Capital Institute's Field Guide to a Regenerative Economy reveals the science behind the revitalization of Tottenville and similarly-neglected communities of Americans who self-identify as voiceless and forgotten.
STATEN ISLAND, N.Y., May 9, 2017 /3BL Media/ — Seventy percent of New York City voters threw their support behind Hilary Clinton in the 2016 presidential election, and yet 70 percent of Staten Islanders voted for President Donald Trump. No community better represents this dichotomy between New York City’s inner and outer boroughs than Tottenville, a Staten Island hamlet once known as The Town the Oyster Built and now called—by some residents—Forgottenville.
This blog post comes to us from Brian Doe, WPF Regional Director for Africa and the Middle East.
In April 2017, Whole Planet Foundationsigned a contract with a new microfinance partner in greater Accra called ID Ghana. To gain insight into the bustling Makola market in Accra, it may be helpful to read this 2015 article in the New Yorker profiling Ghanaian business owners.
Answering the call for increasing energy self-reliance, a grassroots electricity-sharing model is emerging. “Community microgrids,” comprising community-owned or subscribed solar PV and other renewable energy sources, offer participants and surrounding consumers the security of energy resilience in times of grid failure and protection from energy price increases driven by volatile energy markets. They also give energy producers/consumers (aka “prosumers”) more control over the renewable energy they generate.
Watch this video to see how technology is accelerating financial inclusion in Bangladesh. MetLife Foundation's partner BFA is doing ground-breaking work to embed the right technology and technical capabilities in local nonprofit organizations on the ground like Sajida, working with women entreprenuers to help them navigate life's challenges and opportunities.
When I met Lee in Aoniben, China for the first time, she was too shy to look at us. Partnering with the United Nations Development Program and the All China Women's Federation, we aimed to reduce poverty at a village level by helping local women collectively start a business. When we asked the group of Yi women what kind of start-up they’d be interested in, Lee pointed to her Yi style outfit and asked us to start Yi Embroidery.
FCA, one of the most sustainable automotive groups in the world, is contributing daily to the transition to a circular economy
In recent decades, demands on the planet’s resources have increased to a level that now represents a significant threat to our environment. Our economy is also highly dependent on our ability to manage these finite resources. As such, the transition to a circular economy – and away from the traditional “take-make-dispose” or “linear” economy – is vital to a sustainable future.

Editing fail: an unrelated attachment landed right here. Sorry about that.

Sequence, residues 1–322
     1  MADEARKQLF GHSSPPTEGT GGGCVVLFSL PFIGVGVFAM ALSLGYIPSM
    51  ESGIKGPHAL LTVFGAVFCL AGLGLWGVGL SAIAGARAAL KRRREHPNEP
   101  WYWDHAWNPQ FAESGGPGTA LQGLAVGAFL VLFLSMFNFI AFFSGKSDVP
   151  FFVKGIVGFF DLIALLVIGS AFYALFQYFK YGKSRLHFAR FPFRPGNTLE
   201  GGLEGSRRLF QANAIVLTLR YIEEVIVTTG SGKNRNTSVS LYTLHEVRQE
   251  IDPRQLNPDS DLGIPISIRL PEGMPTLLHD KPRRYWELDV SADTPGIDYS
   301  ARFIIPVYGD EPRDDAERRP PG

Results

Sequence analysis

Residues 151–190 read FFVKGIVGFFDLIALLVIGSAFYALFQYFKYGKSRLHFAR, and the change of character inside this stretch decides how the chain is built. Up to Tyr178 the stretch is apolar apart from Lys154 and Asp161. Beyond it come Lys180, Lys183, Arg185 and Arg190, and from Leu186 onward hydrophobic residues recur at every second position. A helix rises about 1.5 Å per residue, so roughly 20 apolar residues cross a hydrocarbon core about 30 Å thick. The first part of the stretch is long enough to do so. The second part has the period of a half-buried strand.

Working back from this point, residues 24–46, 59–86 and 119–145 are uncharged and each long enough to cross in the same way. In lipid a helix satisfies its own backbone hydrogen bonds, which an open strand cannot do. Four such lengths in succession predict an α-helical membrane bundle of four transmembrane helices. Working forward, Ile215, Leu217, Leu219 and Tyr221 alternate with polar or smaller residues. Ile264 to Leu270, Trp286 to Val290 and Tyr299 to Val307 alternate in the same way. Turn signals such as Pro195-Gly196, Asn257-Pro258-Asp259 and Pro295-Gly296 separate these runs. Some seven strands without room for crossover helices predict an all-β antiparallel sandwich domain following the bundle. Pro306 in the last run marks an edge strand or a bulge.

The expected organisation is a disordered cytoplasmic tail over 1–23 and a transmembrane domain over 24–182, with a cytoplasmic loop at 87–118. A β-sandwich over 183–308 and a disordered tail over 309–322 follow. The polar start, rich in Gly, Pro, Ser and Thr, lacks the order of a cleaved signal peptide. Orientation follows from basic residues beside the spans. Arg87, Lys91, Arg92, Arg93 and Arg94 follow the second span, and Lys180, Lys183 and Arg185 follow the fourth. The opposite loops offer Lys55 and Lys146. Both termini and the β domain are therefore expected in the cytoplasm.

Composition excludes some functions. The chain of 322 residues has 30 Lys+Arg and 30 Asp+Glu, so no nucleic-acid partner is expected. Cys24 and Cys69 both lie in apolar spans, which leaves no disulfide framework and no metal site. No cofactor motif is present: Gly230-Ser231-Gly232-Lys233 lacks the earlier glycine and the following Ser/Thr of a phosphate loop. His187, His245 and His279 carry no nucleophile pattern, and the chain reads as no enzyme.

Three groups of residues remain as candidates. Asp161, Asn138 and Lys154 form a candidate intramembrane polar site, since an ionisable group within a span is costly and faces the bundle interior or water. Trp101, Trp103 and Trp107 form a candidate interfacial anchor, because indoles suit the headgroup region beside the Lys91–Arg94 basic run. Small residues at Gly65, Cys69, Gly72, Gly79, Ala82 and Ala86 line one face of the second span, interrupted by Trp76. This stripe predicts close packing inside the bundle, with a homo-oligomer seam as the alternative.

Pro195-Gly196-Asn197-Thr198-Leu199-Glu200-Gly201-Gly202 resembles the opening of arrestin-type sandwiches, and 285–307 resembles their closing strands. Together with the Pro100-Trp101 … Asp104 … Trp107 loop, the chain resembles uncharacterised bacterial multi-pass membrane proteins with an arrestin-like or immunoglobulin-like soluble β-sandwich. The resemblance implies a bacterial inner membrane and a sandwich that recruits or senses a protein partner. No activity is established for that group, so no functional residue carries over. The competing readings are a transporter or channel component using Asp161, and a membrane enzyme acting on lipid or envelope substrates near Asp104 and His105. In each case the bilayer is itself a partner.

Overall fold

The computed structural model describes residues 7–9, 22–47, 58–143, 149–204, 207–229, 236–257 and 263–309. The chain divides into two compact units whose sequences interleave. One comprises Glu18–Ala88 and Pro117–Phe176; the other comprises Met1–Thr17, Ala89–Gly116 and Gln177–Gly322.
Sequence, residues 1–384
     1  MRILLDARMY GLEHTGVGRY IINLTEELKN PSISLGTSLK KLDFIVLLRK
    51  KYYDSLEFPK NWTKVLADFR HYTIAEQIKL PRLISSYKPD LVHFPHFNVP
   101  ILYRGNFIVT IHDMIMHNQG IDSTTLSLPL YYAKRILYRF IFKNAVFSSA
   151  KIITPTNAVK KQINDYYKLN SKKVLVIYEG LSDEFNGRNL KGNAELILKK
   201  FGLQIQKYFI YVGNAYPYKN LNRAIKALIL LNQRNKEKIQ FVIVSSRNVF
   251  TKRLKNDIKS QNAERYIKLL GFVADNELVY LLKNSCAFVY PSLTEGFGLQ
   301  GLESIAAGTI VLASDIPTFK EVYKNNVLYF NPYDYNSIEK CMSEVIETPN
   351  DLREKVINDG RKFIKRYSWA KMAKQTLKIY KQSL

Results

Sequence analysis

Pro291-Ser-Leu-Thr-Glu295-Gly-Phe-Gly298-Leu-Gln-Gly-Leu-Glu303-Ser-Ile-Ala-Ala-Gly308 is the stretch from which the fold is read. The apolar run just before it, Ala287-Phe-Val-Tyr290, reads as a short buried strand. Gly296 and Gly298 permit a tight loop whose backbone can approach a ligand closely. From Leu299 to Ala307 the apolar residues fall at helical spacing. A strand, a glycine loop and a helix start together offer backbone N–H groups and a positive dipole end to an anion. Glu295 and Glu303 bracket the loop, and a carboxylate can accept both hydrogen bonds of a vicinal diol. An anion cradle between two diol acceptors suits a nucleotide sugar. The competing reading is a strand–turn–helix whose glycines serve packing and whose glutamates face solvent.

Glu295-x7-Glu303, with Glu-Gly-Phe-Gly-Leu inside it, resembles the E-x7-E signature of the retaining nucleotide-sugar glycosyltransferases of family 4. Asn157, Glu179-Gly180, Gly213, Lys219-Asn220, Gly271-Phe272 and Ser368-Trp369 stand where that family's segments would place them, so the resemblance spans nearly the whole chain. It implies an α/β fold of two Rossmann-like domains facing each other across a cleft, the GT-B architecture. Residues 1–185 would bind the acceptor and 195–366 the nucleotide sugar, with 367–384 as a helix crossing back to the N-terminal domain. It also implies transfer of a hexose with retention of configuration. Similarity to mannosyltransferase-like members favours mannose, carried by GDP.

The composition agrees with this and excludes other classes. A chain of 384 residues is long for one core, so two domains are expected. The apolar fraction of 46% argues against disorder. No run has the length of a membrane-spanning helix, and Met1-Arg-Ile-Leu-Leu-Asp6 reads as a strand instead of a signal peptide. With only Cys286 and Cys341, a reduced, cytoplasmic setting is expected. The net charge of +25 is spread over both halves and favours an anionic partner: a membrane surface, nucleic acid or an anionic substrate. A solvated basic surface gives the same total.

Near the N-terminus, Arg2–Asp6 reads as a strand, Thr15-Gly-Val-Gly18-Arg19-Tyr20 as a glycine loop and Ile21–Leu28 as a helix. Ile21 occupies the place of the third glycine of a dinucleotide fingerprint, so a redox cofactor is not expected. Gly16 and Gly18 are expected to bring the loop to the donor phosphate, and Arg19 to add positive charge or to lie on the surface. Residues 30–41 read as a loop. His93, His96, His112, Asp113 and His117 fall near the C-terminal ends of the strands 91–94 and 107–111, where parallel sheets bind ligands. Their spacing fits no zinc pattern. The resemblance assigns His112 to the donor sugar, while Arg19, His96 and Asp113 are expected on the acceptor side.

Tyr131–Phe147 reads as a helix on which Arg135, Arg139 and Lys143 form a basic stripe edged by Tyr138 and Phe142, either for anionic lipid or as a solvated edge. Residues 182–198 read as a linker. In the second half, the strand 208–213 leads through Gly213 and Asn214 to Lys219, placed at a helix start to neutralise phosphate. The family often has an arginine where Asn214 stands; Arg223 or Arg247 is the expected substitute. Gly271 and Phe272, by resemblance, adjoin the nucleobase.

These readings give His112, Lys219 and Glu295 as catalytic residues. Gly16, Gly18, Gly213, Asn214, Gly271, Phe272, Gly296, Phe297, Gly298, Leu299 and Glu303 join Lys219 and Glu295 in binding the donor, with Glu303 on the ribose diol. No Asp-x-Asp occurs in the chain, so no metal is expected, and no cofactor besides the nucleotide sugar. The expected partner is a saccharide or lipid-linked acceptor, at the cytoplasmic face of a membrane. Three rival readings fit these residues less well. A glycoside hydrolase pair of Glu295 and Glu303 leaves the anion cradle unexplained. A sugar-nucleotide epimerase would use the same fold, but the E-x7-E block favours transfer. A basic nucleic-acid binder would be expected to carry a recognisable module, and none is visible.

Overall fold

Whole Planet Foundation funds microloans in cities in the United States through four microfinance partners who work with poor entrepreneurs to create or expand small businesses and generate income for themselves and their familes. We are alleviating poverty in Austin, Boston, Charlotte, Des Moines, Indianapolis, Los Angeles, Miami, New York City, Newark, New Orleans, Oakland, Omaha, Phoenix, Salt Lake City, San Diego, and San Jose. Watch this video to see an example in Austin, Texas where we have invested $1 million for microentrepreneurs.
AUSTIN, Texas, February 27, 2017 /3BL Media/ - On Wednesday, March 1, Whole Planet Foundation launches its 12th Prosperity Campaign, which funds microfinance organizations and microcredit loans to alleviate poverty in regions where Whole Foods Market® sources products. The organization’s focus is on women in the developing world, where small loans can help entrepreneurs create a better life. The campaign’s goal is to raise $3.2 million during the month of March to fund microcredit loans, increasing the foundation’s current reach of 15 U.S.
Leading Nut Butter and Confections Brand Commits to Empowering Entrepreneurs with Microloan Donations
February 16, 2017 /3BL Media/ - Justin’s, maker of naturally delicious, high-quality nut butters, nut butter snacks, and organic peanut butter cups, has expanded its commitment to Whole Planet Foundation by fueling the organization’s new Family Fund.
Maria Lucia is a single mother who works full time as a janitor in a hospital to support her 7-year-old daughter Bia. They live in a one-bedroom house in Bomba do Hemeterio, a low-income neighborhood in Recife, the sixth-largest metropolitan area in Brazil.
Before Habitat, their house was small and dark, with little ventilation and natural lighting. The roof was badly damaged from the rain, and the inside of the house was hot and moldy. Bia often had to miss school due to respiratory problems, a common affliction among children who grow up in these kinds of conditions.